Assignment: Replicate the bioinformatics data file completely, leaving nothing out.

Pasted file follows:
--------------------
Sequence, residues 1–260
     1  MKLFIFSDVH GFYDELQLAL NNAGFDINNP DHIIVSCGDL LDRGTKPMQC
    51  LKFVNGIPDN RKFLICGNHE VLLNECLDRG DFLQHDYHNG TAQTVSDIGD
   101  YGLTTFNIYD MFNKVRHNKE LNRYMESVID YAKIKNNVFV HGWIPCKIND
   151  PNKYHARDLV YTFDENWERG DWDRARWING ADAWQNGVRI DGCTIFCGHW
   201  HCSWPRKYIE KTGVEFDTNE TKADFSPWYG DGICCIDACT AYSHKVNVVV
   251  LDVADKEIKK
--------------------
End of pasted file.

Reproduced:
Sequence, residues 1–260
     1  MKLFIFSDVH GFYDELQLAL NNAGFDINNP DHIIVSCGDL LDRGTKPMQC
    51  LKFVNGIPDN RKFLICGNHE VLLNECLDRG DFLQHDYHNG TAQTVSDIGD
   101  YGLTTFNIYD MFNKVRHNKE LNRYMESVID YAKIKNNVFV HGWIPCKIND
   151  PNKYHARDLV YTFDENWERG DWDRARWING ADAWQNGVRI DGCTIFCGHW
   201  HCSWPRKYIE KTGVEFDTNE TKADFSPWYG DGICCIDACT AYSHKVNVVV
   251  LDVADKEIKK